Analysis The new Cuban Constitution: the petrification of the garrison State


Enrique Conejero Paz is Permanent Lecturer in Political Science at the Miguel Hernández University in Elche

On February 24, more than eight million Cubans are called to vote in the referendum to ratify or reject the modifications made to the Constitution of the Caribbean island, in force since 1976. Those who hoped that the new Magna Carta would open spaces for democratic transition will be greatly disappointed. The 229 articles of the new constitutional framework maintain the communist rhetoric and gear of the dictatorship woven over 60 years. New/old rules of the game that try to adapt to the important changes that have occurred in the nomenclature of Cuba since the last reform in 2002. In this period Fidel Castro had to leave the leadership of the country due to illness in 2006 and delegate it to his brother Raúl, who has officially served as President since 2008. Fidel died in 2016 and in April of last year the neoconservative Miguel Díaz-Canel took over so, for the first time in 60 years, there is no Castro at the top of the political system.

The new Constitution maintains the one-party system, with the Communist Party of Cuba (PCC) as the backbone of power. Composed of 670,000 militants who only represent 6% of the population, they are in charge of nurturing the positions of the National Assembly of People's Power and its provincial and local levels, the Council of State and Ministers. For their part, the rights of association, assembly, freedom of expression and direct election to public office are conspicuous by their absence and are subject to the acceptance of communist society. Unfortunately, Cuba will continue to appear as a non-democratic country according to The Economist's 2018 Democracy Index, ranked at the 142nd position of 167 countries analyzed.

Of course, the more than 2 million Cubans who have had to emigrate will not have the right to vote, so the three great waves of emigration that have shaken Cuba since 1959 have taken not only people but also their rights. The first wave lasted until the 1970s when almost one million Cubans left the country, the second, known as the Marielitos wave, expelled more than 100,000 people in just five months in 1980. And the third is marked by the rafters crisis in 1994 and continues to this day. Exile and diaspora are a sad reality of Cuban tropical socialism.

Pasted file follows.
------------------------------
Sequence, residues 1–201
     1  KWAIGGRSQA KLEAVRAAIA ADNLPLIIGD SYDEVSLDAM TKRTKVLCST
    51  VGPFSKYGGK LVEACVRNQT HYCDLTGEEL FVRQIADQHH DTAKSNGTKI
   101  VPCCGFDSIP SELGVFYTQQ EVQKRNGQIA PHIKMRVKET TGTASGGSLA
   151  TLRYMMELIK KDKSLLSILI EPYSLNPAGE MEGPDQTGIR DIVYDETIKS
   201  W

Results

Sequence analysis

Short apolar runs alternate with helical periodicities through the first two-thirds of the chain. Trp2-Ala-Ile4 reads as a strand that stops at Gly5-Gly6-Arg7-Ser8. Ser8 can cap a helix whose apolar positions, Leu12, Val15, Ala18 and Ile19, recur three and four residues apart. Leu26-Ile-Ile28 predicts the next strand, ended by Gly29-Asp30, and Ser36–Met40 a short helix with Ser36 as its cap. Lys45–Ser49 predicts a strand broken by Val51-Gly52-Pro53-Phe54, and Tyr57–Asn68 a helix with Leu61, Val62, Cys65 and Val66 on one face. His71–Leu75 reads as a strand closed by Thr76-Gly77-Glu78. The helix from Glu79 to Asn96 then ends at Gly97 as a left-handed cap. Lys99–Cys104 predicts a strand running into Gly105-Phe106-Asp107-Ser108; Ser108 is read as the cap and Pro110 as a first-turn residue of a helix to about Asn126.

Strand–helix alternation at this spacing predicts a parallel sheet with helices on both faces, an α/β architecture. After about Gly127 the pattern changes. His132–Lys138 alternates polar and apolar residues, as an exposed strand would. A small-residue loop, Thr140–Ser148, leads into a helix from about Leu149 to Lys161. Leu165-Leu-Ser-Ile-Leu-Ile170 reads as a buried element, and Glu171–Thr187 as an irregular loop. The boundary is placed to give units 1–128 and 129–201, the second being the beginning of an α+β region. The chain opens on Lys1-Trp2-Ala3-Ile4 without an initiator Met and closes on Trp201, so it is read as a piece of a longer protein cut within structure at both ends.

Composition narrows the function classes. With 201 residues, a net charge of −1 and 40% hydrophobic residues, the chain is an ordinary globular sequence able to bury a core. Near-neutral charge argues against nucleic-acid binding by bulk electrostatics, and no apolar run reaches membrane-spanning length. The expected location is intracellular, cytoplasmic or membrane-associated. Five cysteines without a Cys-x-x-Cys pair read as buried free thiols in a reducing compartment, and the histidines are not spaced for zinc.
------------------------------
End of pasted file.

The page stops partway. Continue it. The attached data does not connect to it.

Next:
The constitutional reform institutionalizes the garrison state model developed by Argentine political scientist Guillermo O'Donnell: not only is the militarization of society maintained but intensified. The military are part of the Council of Ministers, have two vice-presidencies and are in charge of the Ministries of Internal Affairs and the Armed Forces, as well as control the main tourism company (Gaviota) with Raúl's former son-in-law at the head. And if this is not enough, the Revolutionary Armed Forces and a tenebrous National Security Council are elevated to constitutional rank. The state monopoly of public opinion, the intensive popular mobilization and the permanent generation of a war discourse against internal and external "enemies" with a clear Schmittian tint that splashes the daily life of the Cuban people are maintained.

The only relevant novelties are the creation of the figure of the Prime Minister, a position to remove power and control the inexperienced Diaz-Canel and those who come later, and the Provincial Assemblies of People's Power are eliminated and replaced by appointed provincial governors. A Chinese style executive power guarded by the PCC and the military.

At the economic level, mixed and private property is recognized, but always controlled by the State and emphasizing that public property is the most relevant. Therefore, only the economic reality that has been operating in Cuba since the 1990s has been put on paper. Since the fall of the Berlin Wall, its battered economy has had to resort to foreign investment in order to survive: Venezuela, China, Spain, Canada, Brazil, among others, are present on the island. Uncertainty, lack of infrastructure and legal insecurity mean that foreign investment is barely increasing. In 2018 it barely reached 2,000 million euros.

Curious referendum when there is no possibility for NO supporters to campaign. Let's remember that even Pinochet's dictatorship in Chile allowed the NO campaign in the 1988 plebiscite. For those who are nostalgic for the deliberation, we have social networks and at least there is an interesting debate going on between the labels #YoVotoYes, #YoVotoNo and #YoNoVoto, an unprecedented process in Cuba that we do not know what impact it will have. Since international observers are not allowed, we already know beforehand what the result of the constitutional referendum will be; we will only have the consolation of knowing how much vote against, null, blank or abstention there will be.

I suppose it is easy to perceive that an important part of my life has taken place in Cuba, that cheerful country that Christopher Columbus baptized as "the most beautiful land that human eyes ever saw; if there is a paradise on earth with so much charm and wealth, here it is". A frozen paradise waiting for Cubans inside and outside to find their way towards a true democracy.

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